Bilateral cooperation between West African neighbours, Cote d’Ivoire and Ghana, introduced a new cocoa pricing mechanism in 2019 targeting a floor price of $2600 per tonne.
Chocolate companies and cocoa traders accepted the proposal aimed at helping improve incomes for smallholder cocoa farmers.
The mechanism hinges fundamentally on the introduction of a Living Income Differential (LID) to tackle extreme poverty among farmers by adding $400 per tonne to the market price of cocoa from the two countries.
With the LID, cocoa farmers would earn a minimum of 70% of the $2600-floor price marking a significant step in the journey to achieving decent living incomes for cocoa growers, who receive only 3% of the retail price of a bar of chocolate and live on a wage of less than $1 a day.
The top two cocoa producer nations have since moved to legally institutionalise their cocoa sector cooperation, establishing the Cote d’Ivoire – Ghana Cocoa Initiative (CIGHCI) to advance their interests.
Last August, at the official launch of the organisation in the Ghanaian capital, Accra, Ghana Cocoa Board’s chief executive Joseph Boahen Aidoo hinted at a scramble by other African countries to join their ranks but fell short of naming any.
Nigeria’s bid for LID
On Thursday, May 19 2022, a 5-member Nigeria government delegation visiting Ghana Cocoa Board announced the country’s desire to join the “LID bloc.”
With this formal declaration, Nigeria becomes the first country to launch a formal campaign to sign onto the charter establishing the pan-African cocoa organisation.
Dr Ernest Umakhihe, Nigeria’s Permanent Secretary for the Federal Ministry of Agriculture and Rural Development disclosed that the Cocoa Farmers Association of Nigeria (CFAN)… “seeks to improve the livelihood of their farmers through Living Income Differential of $400/ton of cocoa beans sold.”
Ghana and Cote d’Ivoire are benefiting from the LID “while Nigerian cocoa farmers are at a disadvantage of this benefit”, Dr Umakhike emphasised in a speech read on his behalf by Engr. Abdullahi G. Abubakar.
“Nigeria being lined up to join the LID system will also guarantee that the premium charged in the $100 billion chocolate industry will help in boosting the income of the smallholder cocoa farmers,” he added.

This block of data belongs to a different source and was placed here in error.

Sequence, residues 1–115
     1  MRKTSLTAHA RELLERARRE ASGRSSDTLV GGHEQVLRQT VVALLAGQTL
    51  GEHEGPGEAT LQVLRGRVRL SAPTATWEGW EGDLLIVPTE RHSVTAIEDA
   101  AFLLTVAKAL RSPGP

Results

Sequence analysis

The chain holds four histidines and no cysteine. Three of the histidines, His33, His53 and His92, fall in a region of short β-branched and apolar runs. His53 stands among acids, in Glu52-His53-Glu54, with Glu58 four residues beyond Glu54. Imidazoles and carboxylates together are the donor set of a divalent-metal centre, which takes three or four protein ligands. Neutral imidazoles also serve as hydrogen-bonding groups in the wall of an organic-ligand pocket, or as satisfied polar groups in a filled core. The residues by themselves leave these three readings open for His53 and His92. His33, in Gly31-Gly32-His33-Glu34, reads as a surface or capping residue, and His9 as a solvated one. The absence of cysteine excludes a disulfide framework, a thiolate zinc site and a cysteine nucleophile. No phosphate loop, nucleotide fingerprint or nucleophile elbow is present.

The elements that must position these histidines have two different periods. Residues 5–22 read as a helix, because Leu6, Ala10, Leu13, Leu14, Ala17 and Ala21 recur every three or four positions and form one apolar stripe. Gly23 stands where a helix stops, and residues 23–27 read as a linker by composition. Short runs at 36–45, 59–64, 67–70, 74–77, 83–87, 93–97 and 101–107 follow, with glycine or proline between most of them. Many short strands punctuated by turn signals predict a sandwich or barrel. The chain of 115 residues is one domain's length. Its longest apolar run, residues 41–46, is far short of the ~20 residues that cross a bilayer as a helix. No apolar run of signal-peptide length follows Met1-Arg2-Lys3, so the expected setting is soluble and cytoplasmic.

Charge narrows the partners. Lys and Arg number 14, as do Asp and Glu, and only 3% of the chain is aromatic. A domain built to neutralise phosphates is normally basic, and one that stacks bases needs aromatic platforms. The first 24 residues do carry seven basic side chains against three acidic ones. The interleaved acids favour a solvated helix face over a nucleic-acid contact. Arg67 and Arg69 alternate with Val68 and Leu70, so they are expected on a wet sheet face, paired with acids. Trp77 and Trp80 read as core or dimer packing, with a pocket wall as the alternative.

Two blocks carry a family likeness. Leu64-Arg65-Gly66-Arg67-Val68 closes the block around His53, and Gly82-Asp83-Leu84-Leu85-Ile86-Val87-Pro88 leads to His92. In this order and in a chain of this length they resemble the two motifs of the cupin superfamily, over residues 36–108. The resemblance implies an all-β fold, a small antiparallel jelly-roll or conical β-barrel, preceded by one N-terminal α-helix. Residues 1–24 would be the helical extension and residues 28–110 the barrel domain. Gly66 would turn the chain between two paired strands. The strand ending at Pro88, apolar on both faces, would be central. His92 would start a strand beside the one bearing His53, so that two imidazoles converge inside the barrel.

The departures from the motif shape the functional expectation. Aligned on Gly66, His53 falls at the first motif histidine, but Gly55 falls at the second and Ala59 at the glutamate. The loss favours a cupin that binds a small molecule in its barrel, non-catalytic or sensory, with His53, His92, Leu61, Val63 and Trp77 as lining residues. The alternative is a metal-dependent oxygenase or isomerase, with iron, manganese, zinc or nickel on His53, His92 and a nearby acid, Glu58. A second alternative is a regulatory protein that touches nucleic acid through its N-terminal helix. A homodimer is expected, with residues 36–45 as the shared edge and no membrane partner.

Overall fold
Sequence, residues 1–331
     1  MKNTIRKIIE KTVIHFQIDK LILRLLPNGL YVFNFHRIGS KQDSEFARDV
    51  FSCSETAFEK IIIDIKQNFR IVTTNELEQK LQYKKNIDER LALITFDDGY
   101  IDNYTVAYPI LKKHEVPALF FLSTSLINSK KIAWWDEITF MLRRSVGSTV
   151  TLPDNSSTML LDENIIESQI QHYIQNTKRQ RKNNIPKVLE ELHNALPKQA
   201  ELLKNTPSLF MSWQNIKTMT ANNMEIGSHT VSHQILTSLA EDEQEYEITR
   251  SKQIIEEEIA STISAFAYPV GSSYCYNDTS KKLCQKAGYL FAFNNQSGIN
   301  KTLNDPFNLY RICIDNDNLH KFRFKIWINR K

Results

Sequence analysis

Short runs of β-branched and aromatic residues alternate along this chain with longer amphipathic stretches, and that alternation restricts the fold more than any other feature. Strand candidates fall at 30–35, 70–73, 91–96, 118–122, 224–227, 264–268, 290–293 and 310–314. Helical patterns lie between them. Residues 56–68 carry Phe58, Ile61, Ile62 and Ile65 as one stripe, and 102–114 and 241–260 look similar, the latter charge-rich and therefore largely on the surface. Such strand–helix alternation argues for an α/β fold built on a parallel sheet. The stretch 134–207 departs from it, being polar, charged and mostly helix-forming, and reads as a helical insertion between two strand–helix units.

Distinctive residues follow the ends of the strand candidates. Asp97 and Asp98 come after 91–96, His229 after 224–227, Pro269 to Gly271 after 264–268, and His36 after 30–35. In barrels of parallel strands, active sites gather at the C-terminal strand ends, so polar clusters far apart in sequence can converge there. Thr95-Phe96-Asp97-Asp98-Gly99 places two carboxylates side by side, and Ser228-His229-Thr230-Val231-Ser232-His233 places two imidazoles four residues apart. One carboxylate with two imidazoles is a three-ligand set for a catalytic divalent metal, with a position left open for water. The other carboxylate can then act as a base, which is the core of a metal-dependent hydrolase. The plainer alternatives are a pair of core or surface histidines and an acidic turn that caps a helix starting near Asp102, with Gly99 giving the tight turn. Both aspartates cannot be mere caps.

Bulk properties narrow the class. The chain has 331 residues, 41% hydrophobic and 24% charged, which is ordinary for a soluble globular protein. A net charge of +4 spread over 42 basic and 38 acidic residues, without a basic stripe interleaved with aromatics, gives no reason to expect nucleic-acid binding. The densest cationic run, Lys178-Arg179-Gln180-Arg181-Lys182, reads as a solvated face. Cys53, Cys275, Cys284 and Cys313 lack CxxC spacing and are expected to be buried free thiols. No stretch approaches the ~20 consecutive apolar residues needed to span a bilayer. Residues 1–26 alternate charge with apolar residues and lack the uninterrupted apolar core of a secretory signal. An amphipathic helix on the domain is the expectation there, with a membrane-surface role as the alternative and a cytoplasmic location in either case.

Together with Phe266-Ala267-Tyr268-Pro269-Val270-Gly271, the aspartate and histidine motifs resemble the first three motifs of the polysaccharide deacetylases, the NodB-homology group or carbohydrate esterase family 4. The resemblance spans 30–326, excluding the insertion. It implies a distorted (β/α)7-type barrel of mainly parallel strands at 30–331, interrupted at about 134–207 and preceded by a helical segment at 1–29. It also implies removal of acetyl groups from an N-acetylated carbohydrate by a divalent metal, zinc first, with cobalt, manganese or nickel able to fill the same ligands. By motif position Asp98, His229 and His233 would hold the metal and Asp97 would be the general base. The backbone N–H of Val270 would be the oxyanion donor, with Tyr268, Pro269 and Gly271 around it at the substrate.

Engr. Abubakar, a Director of the Federal Ministry of Agriculture and leader of the Nigerian government delegation explained the visit was to “gain insight into the operations of the LID.”
African Cocoa Organisation in the offing
Cocoa is said to be the highest non-oil contributor to Nigeria’s gross domestic product (GDP) with the country currently ranking number four among the top producers with 340,000-tonne annual output.
Nigeria’s liberalised and unregulated cocoa sector, the delegation noted, was depriving smallholder cocoa farmers of the appropriate income, aside from losing out on the Living Income Differential (LID).
But Africa’s biggest economy reckons that the status quo can only be remedied by joining hands with Ghana and Cote d’Ivoire in pushing the agenda for a favourable pricing mechanism for African cocoa producers.
Engr. Abubakar opined that the 2-nation cocoa organisation “if fully implemented in the region can be compared to the Organisation of Petroleum Exporting Countries (OPEC) where prices of cocoa will be regulated.”
“More or less it’s like an ICCO, but this one is a regional African Cocoa organisation that has been formed. This one, no importing country, this is purely exporting countries and Ghana and Cote d’Ivoire we form the nucleus of this new organisation,” Boahen Aidoo, the Cocobod Chief, seconded the Nigerian position.
He practically opened an invitation to all cocoa-growing African countries to join the organisation, assuring that all structures have been put in place for a formidable institution.
“The size of the bird is actually determined by the number of feathers. So the more the feathers the bigger the size of the bird, therefore, if we can get more members to shore this organisation then we become bigger and stronger,” Joseph Boahen Aidoo appealed.
He believed it is high time African cocoa producers had a common front just as the Big Chocolate has a united front in the World Cocoa Foundation.
“And the top 100 manufacturing companies are all there. Literally, they dictate price and everything. And so it cannot be the case that we the producers are not together especially here in Africa,” the Ghana cocoa boss said.
Ghana and Cote d’Ivoire together account for over 60% of the global cocoa beans supply but receive a paltry 6% of the $130 billion industry revenue.
With Nigeria and Cameroon joining the LID bloc, the organisation is expected to control over 75% of the cocoa beans market, creating an African economic force that demands a seat at the price determination table.
With the warm embrace accorded Nigeria, the founding parties of the pan-African cocoa organisation – Cote d’Ivoire – Ghana Cocoa Initiative – have signalled clearly their readiness to admit new members into their ranks.
Would-be members of the bloc must, however, meet a number of conditions, namely to demonstrate state oversight of the cocoa production value chain as well as to have their national legislative assembly ratify the organisation’s Charter.
This is to ensure the country’s commitment to comply with the organisation’s founding principles of keeping the interest of the smallholder cocoa farmers at the heart of its activities.
It is upon successful admission into the organisation that the country can apply the $400-per-tonne LID to its pricing mechanism solely for the benefit of the cocoa farmer.
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